3) They minister questions.
False teaching typically begins with casting doubt. “How can you be sure that what you have is the truth?” Along the lines of Satan’s “Hath God said?” testing question to Eve. They want to engender doubt in you by asking you questions. However, mostly what they do is just stir up other questions, which they don’t answer but respond with more questions, and then you just have a giant hubbub of debate and clamor. This is a dangerous sign. Beware of those who exist to cause trouble all the time. People who stir up debate everywhere they go are handing out false doctrine. Count on it.

4) No godly edifying.
Edification is why the Church exists. The Church is a group of people who desire to grow into the perfect man Christ Jesus. It’s why we’re here. Ephesians four explains the whole process. False teachers want something from you, not something for you. False teachers want to feed their belly and take your money. The Church exists to hand out the free bread of life. Not to manipulate, but to bring you to Christ. He is the Head. The whole Body follows Him. If you meet a supposed member of the body who isn’t leading you to follow the head, you aren’t with a member of the Body!

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In the end, avoid people who are always raising doubts, causing debate, arguing, fighting, ridiculing, and taking by force what ought to be given with liberality. Beware of those who know this secret thing no one has seen before. Beware the “us vs. them” mentality that we are the hidden minority the whole world is aligned against to defeat our cause. Beware those who are constantly telling stories and pontificating out of their own supposed genius. Let them write philosophy and leave theology alone.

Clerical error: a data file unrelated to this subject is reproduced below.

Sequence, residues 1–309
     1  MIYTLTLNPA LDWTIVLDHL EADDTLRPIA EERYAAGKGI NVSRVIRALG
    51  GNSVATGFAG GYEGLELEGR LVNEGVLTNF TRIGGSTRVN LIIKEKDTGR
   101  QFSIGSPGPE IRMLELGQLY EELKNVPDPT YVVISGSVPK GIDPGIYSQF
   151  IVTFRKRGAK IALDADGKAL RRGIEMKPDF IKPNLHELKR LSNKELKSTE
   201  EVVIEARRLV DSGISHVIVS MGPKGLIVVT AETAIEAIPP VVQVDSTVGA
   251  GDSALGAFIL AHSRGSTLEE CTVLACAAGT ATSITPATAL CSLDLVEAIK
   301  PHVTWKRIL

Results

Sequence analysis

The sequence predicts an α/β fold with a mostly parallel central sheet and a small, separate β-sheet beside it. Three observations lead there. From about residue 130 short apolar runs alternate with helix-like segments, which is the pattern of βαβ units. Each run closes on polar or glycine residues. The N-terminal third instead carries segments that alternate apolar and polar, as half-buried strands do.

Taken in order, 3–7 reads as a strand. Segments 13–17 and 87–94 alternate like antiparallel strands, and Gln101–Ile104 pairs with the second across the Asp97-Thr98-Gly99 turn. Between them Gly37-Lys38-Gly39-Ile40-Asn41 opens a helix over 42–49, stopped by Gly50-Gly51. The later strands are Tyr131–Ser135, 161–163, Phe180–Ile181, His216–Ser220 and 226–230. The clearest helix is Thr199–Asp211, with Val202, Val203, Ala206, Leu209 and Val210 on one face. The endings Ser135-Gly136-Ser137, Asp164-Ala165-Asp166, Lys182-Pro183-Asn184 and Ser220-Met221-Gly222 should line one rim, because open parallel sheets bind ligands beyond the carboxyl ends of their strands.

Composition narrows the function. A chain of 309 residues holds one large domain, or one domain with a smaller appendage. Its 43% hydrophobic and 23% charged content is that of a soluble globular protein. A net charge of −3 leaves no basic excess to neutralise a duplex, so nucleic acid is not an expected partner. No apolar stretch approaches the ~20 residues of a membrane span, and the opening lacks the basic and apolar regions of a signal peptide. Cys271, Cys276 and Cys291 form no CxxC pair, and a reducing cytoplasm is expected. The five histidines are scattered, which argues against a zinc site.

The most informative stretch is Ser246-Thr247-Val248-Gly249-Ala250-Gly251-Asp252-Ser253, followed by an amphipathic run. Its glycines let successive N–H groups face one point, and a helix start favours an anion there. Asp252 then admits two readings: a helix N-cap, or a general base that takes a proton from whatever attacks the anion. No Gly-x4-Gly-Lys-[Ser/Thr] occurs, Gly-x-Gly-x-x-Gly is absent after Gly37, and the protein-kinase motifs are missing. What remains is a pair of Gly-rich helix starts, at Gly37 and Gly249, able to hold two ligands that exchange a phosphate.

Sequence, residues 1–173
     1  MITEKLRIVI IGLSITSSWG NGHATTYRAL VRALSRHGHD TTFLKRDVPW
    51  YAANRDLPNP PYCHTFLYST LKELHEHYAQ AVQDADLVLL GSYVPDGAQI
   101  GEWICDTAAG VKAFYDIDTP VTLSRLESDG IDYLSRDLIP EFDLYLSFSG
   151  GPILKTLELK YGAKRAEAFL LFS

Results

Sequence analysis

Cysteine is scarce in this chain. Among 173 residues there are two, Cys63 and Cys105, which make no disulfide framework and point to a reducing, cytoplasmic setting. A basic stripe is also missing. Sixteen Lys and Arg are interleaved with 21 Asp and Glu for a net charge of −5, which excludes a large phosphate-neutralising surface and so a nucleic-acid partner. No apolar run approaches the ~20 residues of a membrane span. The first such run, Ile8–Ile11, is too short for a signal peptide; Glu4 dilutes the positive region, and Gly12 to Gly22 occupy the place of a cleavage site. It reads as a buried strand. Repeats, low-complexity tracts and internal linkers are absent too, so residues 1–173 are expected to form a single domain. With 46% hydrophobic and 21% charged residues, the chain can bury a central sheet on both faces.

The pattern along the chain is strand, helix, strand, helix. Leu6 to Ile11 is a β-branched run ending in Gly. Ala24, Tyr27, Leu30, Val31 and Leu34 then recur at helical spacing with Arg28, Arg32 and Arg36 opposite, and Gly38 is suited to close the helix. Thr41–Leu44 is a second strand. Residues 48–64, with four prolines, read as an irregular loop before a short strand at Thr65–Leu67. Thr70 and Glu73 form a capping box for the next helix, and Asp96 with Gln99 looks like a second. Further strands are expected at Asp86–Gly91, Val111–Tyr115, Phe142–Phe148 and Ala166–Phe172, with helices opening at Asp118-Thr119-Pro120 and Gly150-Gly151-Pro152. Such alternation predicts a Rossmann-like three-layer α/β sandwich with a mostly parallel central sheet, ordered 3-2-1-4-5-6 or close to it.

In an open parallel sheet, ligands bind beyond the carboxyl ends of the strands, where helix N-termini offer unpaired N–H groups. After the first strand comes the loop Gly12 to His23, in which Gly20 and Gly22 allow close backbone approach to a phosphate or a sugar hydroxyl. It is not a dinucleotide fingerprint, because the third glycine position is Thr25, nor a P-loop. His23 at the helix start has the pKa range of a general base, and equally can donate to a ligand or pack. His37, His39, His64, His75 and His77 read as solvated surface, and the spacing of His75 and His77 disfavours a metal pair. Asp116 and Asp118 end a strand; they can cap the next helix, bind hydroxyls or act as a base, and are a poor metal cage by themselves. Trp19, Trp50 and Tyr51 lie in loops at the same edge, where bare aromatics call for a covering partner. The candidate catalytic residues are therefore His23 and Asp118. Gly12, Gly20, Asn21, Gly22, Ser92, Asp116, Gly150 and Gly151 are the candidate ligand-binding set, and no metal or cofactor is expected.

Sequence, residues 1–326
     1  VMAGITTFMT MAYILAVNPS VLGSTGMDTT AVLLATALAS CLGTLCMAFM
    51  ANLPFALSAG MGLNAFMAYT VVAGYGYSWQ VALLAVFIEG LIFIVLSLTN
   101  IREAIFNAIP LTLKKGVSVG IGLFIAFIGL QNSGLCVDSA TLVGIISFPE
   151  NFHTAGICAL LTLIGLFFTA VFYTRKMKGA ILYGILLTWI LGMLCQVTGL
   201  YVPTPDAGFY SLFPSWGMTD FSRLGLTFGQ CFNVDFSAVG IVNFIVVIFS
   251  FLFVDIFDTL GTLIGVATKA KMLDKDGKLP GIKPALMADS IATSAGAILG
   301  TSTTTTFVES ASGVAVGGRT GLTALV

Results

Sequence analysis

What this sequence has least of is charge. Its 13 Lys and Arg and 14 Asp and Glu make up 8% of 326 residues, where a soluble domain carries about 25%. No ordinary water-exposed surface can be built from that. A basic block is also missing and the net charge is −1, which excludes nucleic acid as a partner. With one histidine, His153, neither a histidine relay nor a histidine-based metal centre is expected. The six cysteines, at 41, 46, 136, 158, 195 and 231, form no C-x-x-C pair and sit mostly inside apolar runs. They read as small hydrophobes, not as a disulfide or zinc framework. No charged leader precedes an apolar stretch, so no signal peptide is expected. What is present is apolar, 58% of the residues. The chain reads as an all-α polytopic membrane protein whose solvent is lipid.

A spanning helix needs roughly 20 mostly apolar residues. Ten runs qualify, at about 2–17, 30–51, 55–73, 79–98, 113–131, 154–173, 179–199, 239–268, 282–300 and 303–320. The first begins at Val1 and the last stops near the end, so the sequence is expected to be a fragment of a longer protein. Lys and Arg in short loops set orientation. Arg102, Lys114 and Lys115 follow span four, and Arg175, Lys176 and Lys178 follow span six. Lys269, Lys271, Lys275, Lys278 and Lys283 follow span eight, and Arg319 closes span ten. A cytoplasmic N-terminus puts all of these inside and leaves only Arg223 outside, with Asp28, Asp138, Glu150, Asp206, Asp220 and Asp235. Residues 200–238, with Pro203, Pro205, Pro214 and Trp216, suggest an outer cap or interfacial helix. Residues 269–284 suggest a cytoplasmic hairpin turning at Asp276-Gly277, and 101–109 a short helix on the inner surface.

Be careful out there.

Oswald Chambers on Why Your Faith Doesn’t Have to be Radical or Spectacular

I like to read Oswald Chambers. He has many thought-provoking things to say. I was going to rephrase one of his articles, but he said it so well, I’m just going to quote it. I’ll highlight my favorite lines.

Direction by Impulse

There was nothing either of the nature of impulse or of cold-bloodedness about Our Lord, but only a calm strength that never got into panic. Most of us develop our Christianity along the line of our temperament, not along the line of God.

Impulse is a trait in natural life, but Our Lord always ignores it, because it hinders the development of the life of a disciple. Watch how the Spirit of God checks impulse, His checks bring a rush of self-conscious foolishness which makes us instantly want to vindicate ourselves.

Impulse is all right in a child, but it is disastrous in a man or woman; an impulsive man is always a petted man. Impulse has to be trained into intuition by discipline.

Discipleship is built entirely on the supernatural grace of God. Walking on the water is easy to impulsive pluck, but walking on dry land as a disciple of Jesus Christ is a different thing. Peter walked on the water to go to Jesus, but he followed Him afar off on the land.

We do not need the grace of God to stand crises, human nature and pride are sufficient, we can face the strain magnificently; but it does require the supernatural grace of God to live twenty-four hours in every day as a saint, to go through drudgery as a disciple, to live an ordinary, unobserved, ignored existence as a disciple of Jesus.

It is inbred in us that we have to do exceptional things for God; but we have not. We have to be exceptional in the ordinary things, to be holy in mean streets, among mean people, and this is not learned in five minutes.